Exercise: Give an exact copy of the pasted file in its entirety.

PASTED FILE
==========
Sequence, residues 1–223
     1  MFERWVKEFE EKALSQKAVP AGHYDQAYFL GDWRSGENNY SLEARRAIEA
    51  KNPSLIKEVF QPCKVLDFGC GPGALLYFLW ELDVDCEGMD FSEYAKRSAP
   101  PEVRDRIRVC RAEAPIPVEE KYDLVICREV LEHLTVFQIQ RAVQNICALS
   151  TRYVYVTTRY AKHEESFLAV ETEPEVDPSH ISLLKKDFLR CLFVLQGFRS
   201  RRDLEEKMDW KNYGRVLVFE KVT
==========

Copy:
Sequence, residues 1–223
     1  MFERWVKEFE EKALSQKAVP AGHYDQAYFL GDWRSGENNY SLEARRAIEA
    51  KNPSLIKEVF QPCKVLDFGC GPGALLYFLW ELDVDCEGMD FSEYAKRSAP
   101  PEVRDRIRVC RAEAPIPVEE KYDLVICREV LEHLTVFQIQ RAVQNICALS
   151  TRYVYVTTRY AKHEESFLAV ETEPEVDPSH ISLLKKDFLR CLFVLQGFRS
   201  RRDLEEKMDW KNYGRVLVFE KVT